The Prime Minister’s crackdown on skilled worker visas, known as 457 visas, is misguided.
A tightening up of the visas was first announced by Immigration Minister Brendan O’Connor last month when he promised the government would target “rorts” and “abuses” in the visas.
Now Prime Minister Julia Gillard has increased the rhetoric around these visas saying “we inherited from the previous government a 457 temporary foreign-worker visa program that was totally out of control”.
The Coalition has jumped on board and accused Gillard of preferring migrants who arrive “illegally on boats and go on to welfare” to skilled workers who arrive the “right way”, pay jobs and get taxes.
The whole issue seems to have created the worst sort of xenophobic and racist debate and it’s a debate that didn’t need to have happened.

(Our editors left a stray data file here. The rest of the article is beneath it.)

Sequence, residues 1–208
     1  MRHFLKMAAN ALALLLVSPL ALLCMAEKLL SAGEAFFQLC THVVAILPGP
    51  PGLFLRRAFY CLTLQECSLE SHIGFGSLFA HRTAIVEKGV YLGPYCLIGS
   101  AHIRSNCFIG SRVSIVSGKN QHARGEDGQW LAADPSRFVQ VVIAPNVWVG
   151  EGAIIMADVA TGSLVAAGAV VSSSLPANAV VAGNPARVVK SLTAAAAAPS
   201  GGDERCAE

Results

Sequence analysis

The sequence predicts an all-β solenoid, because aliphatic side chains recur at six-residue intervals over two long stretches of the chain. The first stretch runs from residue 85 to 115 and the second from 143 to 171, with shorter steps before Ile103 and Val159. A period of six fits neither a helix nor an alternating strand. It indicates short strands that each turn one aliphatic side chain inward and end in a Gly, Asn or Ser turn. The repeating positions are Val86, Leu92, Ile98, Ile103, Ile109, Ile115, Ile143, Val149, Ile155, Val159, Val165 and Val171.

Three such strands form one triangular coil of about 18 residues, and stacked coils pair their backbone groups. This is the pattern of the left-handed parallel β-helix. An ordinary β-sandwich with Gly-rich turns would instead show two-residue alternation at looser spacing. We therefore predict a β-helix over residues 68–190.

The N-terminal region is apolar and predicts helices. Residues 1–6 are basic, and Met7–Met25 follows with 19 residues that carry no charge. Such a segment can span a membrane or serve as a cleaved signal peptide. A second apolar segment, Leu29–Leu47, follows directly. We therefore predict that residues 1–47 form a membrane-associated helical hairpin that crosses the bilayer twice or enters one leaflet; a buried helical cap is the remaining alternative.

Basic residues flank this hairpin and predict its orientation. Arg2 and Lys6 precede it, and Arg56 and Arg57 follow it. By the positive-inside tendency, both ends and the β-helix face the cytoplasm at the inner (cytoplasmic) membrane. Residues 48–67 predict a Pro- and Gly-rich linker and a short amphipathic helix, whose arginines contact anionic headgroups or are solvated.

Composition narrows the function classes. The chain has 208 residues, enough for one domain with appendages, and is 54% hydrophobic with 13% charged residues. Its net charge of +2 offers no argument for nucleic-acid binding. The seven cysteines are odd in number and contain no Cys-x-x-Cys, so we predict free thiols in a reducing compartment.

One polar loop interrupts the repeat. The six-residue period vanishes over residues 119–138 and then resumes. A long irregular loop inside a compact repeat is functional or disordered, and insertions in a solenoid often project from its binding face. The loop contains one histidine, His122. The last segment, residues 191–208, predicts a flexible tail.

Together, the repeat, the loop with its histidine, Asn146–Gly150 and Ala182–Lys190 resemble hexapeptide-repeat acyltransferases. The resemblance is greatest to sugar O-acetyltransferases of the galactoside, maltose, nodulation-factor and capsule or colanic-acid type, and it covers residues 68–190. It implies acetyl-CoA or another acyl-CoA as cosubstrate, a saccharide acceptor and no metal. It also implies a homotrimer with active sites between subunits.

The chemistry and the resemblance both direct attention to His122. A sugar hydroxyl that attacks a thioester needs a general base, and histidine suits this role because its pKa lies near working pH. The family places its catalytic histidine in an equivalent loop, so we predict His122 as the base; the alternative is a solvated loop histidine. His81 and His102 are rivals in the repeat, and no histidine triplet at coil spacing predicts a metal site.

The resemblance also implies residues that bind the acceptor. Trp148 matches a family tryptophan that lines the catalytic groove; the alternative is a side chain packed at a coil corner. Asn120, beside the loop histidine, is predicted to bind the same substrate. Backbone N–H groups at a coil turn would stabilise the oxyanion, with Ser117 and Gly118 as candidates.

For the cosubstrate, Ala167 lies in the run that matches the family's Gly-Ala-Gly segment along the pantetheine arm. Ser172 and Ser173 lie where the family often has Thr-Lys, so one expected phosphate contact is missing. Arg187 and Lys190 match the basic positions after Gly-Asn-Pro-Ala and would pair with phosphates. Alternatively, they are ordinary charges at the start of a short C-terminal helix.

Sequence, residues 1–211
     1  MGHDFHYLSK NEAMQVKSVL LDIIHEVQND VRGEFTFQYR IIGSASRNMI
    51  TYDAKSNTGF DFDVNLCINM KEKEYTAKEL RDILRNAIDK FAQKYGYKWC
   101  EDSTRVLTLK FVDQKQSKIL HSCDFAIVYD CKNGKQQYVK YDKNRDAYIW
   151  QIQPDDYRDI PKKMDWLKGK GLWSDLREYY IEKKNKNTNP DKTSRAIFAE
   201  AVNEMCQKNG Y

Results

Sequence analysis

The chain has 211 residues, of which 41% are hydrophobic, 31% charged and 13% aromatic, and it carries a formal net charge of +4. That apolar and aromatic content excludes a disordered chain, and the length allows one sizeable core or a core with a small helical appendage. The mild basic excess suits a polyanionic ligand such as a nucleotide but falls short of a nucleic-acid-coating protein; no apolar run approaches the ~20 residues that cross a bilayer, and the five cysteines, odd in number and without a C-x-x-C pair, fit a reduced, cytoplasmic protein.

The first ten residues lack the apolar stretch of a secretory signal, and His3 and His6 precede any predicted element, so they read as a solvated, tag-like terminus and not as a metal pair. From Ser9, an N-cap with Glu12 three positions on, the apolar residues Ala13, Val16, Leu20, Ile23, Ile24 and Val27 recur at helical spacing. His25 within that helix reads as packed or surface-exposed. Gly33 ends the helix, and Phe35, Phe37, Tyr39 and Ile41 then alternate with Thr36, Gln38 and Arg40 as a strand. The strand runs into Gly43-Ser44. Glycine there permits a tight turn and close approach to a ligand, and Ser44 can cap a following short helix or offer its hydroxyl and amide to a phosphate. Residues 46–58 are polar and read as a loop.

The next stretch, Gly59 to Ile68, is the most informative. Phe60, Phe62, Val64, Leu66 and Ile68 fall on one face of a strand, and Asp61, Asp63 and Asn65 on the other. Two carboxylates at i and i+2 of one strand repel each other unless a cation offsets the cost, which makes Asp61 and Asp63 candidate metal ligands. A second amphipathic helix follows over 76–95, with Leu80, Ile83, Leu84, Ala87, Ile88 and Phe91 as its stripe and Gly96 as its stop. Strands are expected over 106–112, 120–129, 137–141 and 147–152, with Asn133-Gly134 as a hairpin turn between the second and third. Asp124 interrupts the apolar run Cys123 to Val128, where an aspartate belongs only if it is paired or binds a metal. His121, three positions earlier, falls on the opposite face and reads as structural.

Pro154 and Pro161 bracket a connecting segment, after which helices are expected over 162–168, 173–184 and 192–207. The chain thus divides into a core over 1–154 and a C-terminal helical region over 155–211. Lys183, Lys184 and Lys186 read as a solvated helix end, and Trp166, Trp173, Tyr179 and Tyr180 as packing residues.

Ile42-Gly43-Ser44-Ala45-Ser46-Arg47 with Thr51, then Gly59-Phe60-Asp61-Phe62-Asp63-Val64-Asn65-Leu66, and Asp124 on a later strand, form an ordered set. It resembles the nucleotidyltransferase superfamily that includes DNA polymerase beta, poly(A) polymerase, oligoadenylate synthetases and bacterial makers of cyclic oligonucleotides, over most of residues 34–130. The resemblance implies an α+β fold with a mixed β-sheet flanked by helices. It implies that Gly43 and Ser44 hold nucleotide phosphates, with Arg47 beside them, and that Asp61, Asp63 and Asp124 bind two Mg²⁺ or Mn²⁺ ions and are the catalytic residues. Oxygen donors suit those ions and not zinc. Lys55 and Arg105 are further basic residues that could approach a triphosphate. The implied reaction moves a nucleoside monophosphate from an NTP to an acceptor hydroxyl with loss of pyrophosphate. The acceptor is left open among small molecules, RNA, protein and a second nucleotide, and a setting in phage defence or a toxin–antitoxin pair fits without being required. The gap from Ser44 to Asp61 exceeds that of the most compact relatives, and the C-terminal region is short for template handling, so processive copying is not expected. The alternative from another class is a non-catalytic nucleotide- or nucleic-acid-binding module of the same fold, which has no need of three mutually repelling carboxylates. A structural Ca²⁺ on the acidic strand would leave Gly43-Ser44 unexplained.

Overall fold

There’s no evidence of any problems with the 457 visa system, which is relied on by the hospitality, mining, IT and construction industries to make up occasional shortfalls in workers.
There are currently only 83,840 workers in Australia under the visa scheme, which makes up about 0.7% of the workforce.
While a record number of 125,000 of these visas were granted in the last financial year, all were subject to a strict series of checks and balances.
There are various conditions attached to the 457 visas, including the need for local labour market testing and for market wages to be paid.
Raising 457 visas as an issue is just blatant electioneering, when calling an early election was supposed to allow government and the Coalition to focus on actual policies.
Wishful thinking indeed.
Businesses face enough challenges as it is without taking away their ability to access qualified and productive workers from overseas when local workers are in short supply.
The message here is that if it ain’t broke, don’t fix it.